In 1965, as a fellow art teacher, I met Jan Brosious when we shared a supply closet in Springfield Junior High School in Del. Co. Pa. She was always smiling. Her character was sunshine. Our paths separated when I left teaching to become a flight attendant for Pan Am then a cover girl, an actress and now a writer. Jan remained with her students and married the artist Natvar Bhavsar. They had children and Jan Brosious Bhavsar continued to teach.
Her husband, Natu, went on to become a renowned artist known for his Asian contribution to American art with my friend Jan managing his career. Today while it is common for artists to be cross culturally connected, Natu, who rose to fame in the 1960s, has been a pioneer for American artists to find acceptance outside of their own spheres of origins. In 1965, he was recognized with a John D. Rockefeller grant. Natu is a hero to other multicultural artists because of his courage to attempt to be accepted by the American art world after being born in Gujarat, India, in 1934. Even a film, The Poetics of Color; Natvar Bhavsar, a Painter's Journey has made about him.
In 2013, my friend Janet Wilson and I took one of our many trips to New York to renew past friendships. Jan Brosious had not stopped emailing me with notifications of her husband Natu's exhibits around the world. His art is the size of an entire room and a statement of the power of color and its transitions. Subtle yet powerful, Natu, a graduate of University of Penn in the 60s, never gave up on his belief in his art, nor did his critics.
But what about my friend Jan Brosious?
"I don't know if Jan is pursuing her art?" I asked my friend on the drive to Manhattan,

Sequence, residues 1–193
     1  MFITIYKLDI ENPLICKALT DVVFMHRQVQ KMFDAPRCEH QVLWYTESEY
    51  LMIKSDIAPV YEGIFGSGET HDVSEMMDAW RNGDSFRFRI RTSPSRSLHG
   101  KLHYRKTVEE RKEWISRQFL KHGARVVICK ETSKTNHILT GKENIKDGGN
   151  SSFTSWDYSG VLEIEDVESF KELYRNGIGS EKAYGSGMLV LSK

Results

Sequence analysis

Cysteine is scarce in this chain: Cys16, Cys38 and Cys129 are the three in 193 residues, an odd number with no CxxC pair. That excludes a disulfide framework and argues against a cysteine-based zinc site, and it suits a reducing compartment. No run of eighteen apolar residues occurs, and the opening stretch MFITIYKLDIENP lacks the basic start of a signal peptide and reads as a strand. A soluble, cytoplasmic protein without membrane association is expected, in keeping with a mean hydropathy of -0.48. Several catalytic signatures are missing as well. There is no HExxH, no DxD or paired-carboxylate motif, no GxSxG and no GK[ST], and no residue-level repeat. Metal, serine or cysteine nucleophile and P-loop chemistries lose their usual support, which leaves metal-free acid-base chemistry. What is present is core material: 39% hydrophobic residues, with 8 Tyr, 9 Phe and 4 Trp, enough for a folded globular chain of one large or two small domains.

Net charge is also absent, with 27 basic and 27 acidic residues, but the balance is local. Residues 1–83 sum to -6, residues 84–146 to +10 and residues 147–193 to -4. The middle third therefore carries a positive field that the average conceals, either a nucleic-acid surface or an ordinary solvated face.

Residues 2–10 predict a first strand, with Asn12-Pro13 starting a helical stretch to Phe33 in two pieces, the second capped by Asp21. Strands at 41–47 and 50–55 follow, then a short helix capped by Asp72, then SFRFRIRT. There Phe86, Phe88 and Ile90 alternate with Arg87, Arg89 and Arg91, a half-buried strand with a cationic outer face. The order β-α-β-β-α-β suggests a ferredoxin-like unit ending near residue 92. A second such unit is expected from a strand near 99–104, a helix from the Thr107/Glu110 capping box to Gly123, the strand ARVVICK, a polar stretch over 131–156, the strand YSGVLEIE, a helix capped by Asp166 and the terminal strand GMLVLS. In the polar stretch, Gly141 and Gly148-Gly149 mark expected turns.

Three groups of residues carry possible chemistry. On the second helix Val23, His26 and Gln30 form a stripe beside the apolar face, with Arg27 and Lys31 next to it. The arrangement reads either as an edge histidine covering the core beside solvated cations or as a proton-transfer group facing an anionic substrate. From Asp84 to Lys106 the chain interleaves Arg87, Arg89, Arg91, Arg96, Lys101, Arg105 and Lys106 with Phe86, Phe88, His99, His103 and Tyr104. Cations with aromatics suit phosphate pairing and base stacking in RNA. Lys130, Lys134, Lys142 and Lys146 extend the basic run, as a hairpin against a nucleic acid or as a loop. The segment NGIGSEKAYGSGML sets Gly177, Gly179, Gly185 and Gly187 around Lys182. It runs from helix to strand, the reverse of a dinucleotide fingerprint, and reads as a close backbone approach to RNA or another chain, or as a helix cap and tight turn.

"We'll find out," Janet said.
We drove through the Holland Tunnel and found the Bhavsar loft in Soho. This was a feat in itself.
"This space is magnificent," I said to Jan and Natu whom I had not seen in years. He looked sprightly and youthful at 80 while Jan had the same smiling school teacher personality and was still the woman who focused on others.
Natu showed us his spectacular paintings, photos of a modern home they own in India and their children. "I remember when you were engaged to Claude Picasso," Natu said. "And when you played the character of a dead wife before we knew all of those wives were dead in Stepford Wives. Good film."
While I had been busy flitting from one career to the next, Jan and Natu had remained in the art world to arrive at the pinnacle of a life well lived making positive, powerful choices. Today they were millionaires, though this was of little value to them. Their art was the focus of their mutual happiness.
Their? Well it appears Jan is now a talented, successful, museum worthy photographer.
"Let me show you some photos I have been taking," Janet said and whipped out awesome, inspiring black and white photos from their journeys around the world. While Natu traveled from exhibit to exhibit, Jan Brosious Bhavsar clicked. She was pursuing her art while helping him with his. What a marriage! Here I had worried that Jan had subjugated her life when all along this was a marriage with art as the mortar between embraces and children. A marriage in which partners nurtured each others creativity.
Then upon returning to my home in suburban Philadelphia, there was an email from Jan Brosious announcing the acceptance of four of her photos for an exhibit by the Museum of Contemporary Art in Australia. This show is put on by MCA and will tour Australia until 2015. Her photo, Shadow of Palm, inserted here had been purchased by the Power Collection of the University of Sydney and will be part of the touring show titled Remain in Light.
I could not be happier for my friend and thrilled that her marriage has rewarded the creativity of both partners. While teaching art to children, Jan had come into her own as an artist as she supported her husband's career. Today she no longer teaches, but focuses on her photography when she isn't making her husband happy. Oh, to have more fifty year marriages that nurture each partner's careers. Knowing Jan Brosious and Natu Bhavsar demonstrates that marriage can work and introduced me to the throbbing pulse of their modern art and its significance.